Go, Cat, Go! Get your cat off of the couch with agility training
By Maria St. Louis-Sanchez
We know what you might be thinking. The chances of getting your cat to do agility are about as likely as:
- Winning the lottery
- Getting struck by lightning
- Your cat finally accepting that you are the master of the house
Yet cats around the country are competing in agility competitions or doing courses in their own homes.
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Not only is putting your cat through hoops fun, it’s also great for your cat, says Marla McGeorge, DVM, of The Cat Doctor animal hospital in Portland, Ore. That’s because agility training fights obesity and boredom, two very common cat problems, she explains.
Want to keep your cat fit in body and mind, but not sure where to start? Check out this video tutorial to see one way to train a cat. If it doesn’t work, there are plenty of other methods to try: This is just one of YouTube’s 4,500 videos on cat training.
As you get started, keep these points in mind:
Watch for signs of osteoarthritis or other joint pain.
If your cat suffers from joint pain or other soreness, some of the obstacles in an agility course could make your cat’s condition worse. But knowing whether your cat is in pain can be nearly impossible, because cats don’t give obvious signs.
Meredith Weller, DVM, of The Cat Doctor animal hospital in Columbus, Ohio, recommends looking for these signals that your cat is in pain:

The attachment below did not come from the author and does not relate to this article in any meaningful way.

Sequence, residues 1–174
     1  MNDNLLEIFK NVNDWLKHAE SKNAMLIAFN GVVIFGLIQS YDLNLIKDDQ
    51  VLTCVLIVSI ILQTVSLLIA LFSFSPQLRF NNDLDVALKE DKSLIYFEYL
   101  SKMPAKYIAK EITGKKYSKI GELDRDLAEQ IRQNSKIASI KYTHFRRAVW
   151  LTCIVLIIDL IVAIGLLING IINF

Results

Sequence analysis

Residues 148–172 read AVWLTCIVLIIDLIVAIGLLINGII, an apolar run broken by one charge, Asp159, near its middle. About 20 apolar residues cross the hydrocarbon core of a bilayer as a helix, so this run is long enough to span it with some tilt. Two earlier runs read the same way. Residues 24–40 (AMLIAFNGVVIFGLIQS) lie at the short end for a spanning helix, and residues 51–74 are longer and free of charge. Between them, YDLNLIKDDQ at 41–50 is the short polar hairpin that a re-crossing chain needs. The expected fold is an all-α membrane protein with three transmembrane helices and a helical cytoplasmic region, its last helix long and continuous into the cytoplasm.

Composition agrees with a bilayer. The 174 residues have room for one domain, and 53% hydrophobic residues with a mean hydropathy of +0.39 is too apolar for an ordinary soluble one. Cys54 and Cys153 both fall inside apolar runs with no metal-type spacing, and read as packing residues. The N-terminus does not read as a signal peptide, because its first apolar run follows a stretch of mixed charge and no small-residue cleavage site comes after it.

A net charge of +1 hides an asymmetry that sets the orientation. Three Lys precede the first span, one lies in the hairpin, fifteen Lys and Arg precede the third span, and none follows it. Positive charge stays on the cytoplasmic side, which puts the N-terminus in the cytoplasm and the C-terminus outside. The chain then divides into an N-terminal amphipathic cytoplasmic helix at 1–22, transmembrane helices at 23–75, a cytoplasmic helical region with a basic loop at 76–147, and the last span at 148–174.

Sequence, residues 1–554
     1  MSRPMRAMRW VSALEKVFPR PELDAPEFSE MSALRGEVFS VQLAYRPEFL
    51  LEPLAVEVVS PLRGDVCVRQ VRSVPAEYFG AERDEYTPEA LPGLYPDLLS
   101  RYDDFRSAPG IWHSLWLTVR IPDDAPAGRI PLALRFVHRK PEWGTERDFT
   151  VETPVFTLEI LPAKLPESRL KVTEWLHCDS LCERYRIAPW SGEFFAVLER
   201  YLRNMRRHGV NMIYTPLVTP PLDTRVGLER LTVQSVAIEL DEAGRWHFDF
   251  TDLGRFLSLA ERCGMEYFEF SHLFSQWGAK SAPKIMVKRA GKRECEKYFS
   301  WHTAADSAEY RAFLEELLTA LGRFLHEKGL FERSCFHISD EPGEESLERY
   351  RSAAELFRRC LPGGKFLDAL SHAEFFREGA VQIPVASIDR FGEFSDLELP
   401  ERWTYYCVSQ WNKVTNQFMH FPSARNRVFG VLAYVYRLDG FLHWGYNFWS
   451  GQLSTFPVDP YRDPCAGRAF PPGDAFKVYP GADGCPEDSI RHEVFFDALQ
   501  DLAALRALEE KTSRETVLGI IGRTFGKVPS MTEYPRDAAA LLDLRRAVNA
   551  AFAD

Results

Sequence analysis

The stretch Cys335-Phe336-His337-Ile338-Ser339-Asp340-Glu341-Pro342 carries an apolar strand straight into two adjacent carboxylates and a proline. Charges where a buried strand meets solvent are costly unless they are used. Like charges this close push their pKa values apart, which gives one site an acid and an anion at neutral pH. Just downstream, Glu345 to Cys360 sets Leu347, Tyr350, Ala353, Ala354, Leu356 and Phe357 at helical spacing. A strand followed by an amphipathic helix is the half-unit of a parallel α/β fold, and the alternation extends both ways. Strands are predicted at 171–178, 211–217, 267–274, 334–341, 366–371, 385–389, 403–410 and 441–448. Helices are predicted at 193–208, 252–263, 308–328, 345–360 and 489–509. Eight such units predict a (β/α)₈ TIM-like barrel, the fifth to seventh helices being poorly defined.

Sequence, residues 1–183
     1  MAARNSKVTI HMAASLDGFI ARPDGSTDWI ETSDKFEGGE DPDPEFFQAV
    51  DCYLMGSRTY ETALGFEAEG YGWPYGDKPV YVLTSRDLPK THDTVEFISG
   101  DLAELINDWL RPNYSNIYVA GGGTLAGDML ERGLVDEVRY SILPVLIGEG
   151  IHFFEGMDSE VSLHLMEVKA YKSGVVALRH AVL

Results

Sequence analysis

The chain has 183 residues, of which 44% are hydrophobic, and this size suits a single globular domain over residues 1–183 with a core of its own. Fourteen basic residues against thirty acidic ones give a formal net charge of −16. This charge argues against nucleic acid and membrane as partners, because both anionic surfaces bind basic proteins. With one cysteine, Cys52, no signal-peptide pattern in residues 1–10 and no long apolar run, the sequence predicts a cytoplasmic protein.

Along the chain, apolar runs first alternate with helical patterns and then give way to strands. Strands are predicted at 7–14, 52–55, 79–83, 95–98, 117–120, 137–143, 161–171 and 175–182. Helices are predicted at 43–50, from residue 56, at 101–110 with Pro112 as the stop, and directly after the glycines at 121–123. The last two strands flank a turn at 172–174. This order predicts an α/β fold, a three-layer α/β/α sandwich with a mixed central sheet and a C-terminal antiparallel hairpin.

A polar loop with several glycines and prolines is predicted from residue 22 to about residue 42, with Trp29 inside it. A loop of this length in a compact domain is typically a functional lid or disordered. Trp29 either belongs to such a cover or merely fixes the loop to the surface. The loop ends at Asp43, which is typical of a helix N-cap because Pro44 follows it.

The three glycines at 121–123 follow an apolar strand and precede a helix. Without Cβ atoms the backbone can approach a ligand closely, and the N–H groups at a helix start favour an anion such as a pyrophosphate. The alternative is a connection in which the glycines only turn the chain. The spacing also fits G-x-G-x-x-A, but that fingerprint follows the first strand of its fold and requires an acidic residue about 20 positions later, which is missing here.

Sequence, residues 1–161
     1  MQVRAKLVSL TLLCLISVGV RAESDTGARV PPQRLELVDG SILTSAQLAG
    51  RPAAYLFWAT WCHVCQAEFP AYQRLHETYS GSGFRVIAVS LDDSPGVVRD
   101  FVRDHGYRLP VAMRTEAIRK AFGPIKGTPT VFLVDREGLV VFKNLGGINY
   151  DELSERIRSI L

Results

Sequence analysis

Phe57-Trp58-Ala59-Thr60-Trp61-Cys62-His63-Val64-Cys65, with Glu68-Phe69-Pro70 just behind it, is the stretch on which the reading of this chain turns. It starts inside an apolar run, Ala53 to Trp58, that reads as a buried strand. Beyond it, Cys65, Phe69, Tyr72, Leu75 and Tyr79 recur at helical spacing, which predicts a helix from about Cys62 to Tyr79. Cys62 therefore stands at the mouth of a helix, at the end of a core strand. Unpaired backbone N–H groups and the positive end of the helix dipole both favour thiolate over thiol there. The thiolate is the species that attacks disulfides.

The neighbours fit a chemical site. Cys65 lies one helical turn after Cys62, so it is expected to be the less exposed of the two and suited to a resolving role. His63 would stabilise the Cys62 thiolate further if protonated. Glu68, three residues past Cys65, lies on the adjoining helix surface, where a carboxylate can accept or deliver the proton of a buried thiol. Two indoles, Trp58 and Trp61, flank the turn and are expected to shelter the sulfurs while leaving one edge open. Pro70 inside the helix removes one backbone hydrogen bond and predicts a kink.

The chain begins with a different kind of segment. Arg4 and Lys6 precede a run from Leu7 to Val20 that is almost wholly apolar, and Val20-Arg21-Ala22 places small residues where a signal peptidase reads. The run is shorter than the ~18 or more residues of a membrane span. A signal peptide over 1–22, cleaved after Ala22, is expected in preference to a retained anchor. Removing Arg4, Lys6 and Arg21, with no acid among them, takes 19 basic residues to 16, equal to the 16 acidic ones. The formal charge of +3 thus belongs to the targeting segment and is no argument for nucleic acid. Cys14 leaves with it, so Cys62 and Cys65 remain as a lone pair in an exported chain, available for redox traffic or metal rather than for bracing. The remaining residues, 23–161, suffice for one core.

- hesitating before jumping
- walking up stairs more slowly than he or she used to
- missing the mark when he or she jumps
If your cat does any one of these things, visit a veterinarian to find out what hurts and to relieve the pain.
And don’t give up altogether on agility. Modify it to work around your cat’s sore spots, McGeorge says. So, for example, if jumping hurts your cat, then have your cat crawl through a tunnel or walk up a ramp instead.
Protect your cat from mental stress.
Agility competitions reward cats and their owners for their hard work, but traveling from place to place and dealing with the hustle and bustle of competitions can be nerve-racking for a cat that is not used to it, Weller says.
If your cat freaks out when you attend a competition, don’t push the issue, she warns. Instead, build your own agility course at home.
Feeling ambitious? Duplicate the blueprint of the course from the recent the Cat Fanciers’ Association–Iams Cat Championship’s Feline Agility Competition. Or stick to simple, homegrown tricks like jumping from couch to couch or weaving through chair legs.
Remember—you have a cat, not a dog.
Cats are not small dogs.
Cats have short bursts of energy. You’ll be lucky to work in 10 minutes of training in a day, McGeorge says. You’ll have the best luck if you train for five minutes at a time, twice a day, she advises.
When it comes to motivation, cats and dogs couldn’t be more different. A dog will do anything for a treat, but cats consent to undergo agility training only if it is fun.
And that’s a good thing. You never have to worry if you’re forcing your cat to do something that he or she doesn’t want to do. As Weller says, “Cats will look at you and be like, ‘whatever’, and walk away.”